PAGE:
This is the format of the session and preparation is key
(based on a 3 hour session)
This should break down in to 5 key sections:
1) Introductions and The icebreaker - a short team building (creative) exercise to build interest and create energy and get the juices flowing and get the group in the mood for sharing. There are some really great exercises online that you can download to get people focused on the subject or even just to get them used to working together and sharing their ideas out loud. If your group of people don’t know each other then get them all to participate in a game that shares something about them – eg the true or false game - ‘a small unknown fact and a fib about themselves’ is a good game. The rest of the group have to try and decide which is which.
Time: Keepthis to around 30 mins no more
2) The core exercise - diagrams, process flows, a list of challenges that they face can be the basis of this exercise post-it notes and other tools can be used to capture ideas, requirements and so forth and then placed in to pre-defined categories on the wall that are then reviewed and discussed. Make the aim of this session to get really specific. Fluffy high level statements wont help you, but specific fact based incident driven information will give you real insight. The What /how /why /when!
Keep this to 45 mins (if you are running a full day session have no more than 2 or 3 of these core sessions in total)
3) Prioritization session - agree with the group what the top 3 tasks, ideas, solutions or outcomes are that need to be worked on moving forward
Time : 20-30 mins - for a lot of content 45.
4) Summarise/ feedback - never close the session without gaining feedback what went well and what could have been done differently. What was hard, what was the key take away for each person - everyone should share one thing. It will give you an immediate gauge on the value and time spent from the participants in the session.
5) Wrap up - your next steps and follow up actions with specific timeframes. Workshops are never valuable to the participants unless they can see the value they bring. People are giving you their time to be there so make their attendance valuable to them by feeding back any outcomes or next steps.
The may well be one person who constantly tries to derail the session or raises constant negativity about why the session is a waste of time or pointless. Remember that they may have had bad experiences in the past and this is driving their behavior’s. The best way to deal with this is to chat to them during a break and find out why they are being destructive, negative or actively not participating. Ask them to share their concerns with you so that you can reassure them of your objective. Secondly ask them to share some specific knowledge in the next activity that involves them and shows that you are listening. This will sometimes mean that you have to adjust your agenda, but one way of doing this is to take five minutes from the next session to ask them to share some specific thoughts on a concern or previous workshop and why it is important. Make sure they are specific. Don’t let them just moan or make fluffy unconstructive comments - if they do ask them to provide a specific example.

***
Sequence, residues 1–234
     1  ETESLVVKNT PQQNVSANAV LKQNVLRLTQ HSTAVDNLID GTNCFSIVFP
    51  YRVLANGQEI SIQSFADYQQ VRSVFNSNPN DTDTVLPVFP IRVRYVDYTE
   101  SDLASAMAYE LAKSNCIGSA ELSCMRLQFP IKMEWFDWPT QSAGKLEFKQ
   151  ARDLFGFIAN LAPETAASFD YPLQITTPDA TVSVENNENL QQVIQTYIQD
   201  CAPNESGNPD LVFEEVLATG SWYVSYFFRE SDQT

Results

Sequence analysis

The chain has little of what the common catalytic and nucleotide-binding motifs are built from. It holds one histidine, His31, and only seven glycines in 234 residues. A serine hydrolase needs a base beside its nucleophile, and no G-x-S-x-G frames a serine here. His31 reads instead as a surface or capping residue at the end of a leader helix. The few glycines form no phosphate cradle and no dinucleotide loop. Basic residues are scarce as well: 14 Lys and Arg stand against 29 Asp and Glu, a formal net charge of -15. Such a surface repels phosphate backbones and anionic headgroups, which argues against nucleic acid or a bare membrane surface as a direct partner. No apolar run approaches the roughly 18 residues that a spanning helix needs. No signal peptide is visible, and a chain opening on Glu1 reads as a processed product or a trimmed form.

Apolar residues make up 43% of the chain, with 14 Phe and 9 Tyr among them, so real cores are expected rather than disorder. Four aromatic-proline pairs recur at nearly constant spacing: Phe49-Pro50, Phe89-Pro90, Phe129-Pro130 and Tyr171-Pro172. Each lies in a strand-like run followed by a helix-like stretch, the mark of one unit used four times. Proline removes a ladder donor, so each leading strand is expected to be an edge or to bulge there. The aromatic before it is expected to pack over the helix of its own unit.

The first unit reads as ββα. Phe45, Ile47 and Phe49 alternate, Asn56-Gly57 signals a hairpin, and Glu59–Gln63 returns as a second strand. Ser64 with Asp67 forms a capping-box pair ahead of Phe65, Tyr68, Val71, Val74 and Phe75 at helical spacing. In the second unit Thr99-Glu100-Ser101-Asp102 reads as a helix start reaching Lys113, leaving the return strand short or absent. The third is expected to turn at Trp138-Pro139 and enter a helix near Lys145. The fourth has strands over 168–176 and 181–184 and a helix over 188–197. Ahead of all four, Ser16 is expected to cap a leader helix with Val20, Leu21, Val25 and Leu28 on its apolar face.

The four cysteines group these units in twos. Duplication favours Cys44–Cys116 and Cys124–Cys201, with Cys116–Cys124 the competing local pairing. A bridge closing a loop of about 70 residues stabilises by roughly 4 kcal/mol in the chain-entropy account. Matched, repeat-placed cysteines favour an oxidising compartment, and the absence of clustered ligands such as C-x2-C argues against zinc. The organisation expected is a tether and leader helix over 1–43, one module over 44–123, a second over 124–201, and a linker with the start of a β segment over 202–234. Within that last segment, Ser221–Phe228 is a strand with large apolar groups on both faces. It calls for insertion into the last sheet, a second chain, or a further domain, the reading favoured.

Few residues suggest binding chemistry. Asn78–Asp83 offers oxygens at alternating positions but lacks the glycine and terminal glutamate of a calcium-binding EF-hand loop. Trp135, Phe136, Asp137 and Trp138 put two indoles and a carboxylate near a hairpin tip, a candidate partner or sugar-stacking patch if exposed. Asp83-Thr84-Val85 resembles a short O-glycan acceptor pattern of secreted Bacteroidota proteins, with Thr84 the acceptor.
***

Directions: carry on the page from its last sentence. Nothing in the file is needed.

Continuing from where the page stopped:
Once the 5 mins is up, announce that you will be taking the opportunity to gather more of these sorts of inputs from all the group and that you will make the time after the session to follow up with them all.
Lastly - go for Quality not Quantity. Tired people give less constructive or useful information, which only leads to needing more time from them and revisiting the session. They lose rapport with you and their minds go elsewhere. If you find a section waning, break it up or adjust according to the people you are with. The strength of a good facilitator and getting results and collaboration is in being able to be nimble and adjust a schedule to get the best out of those in the room.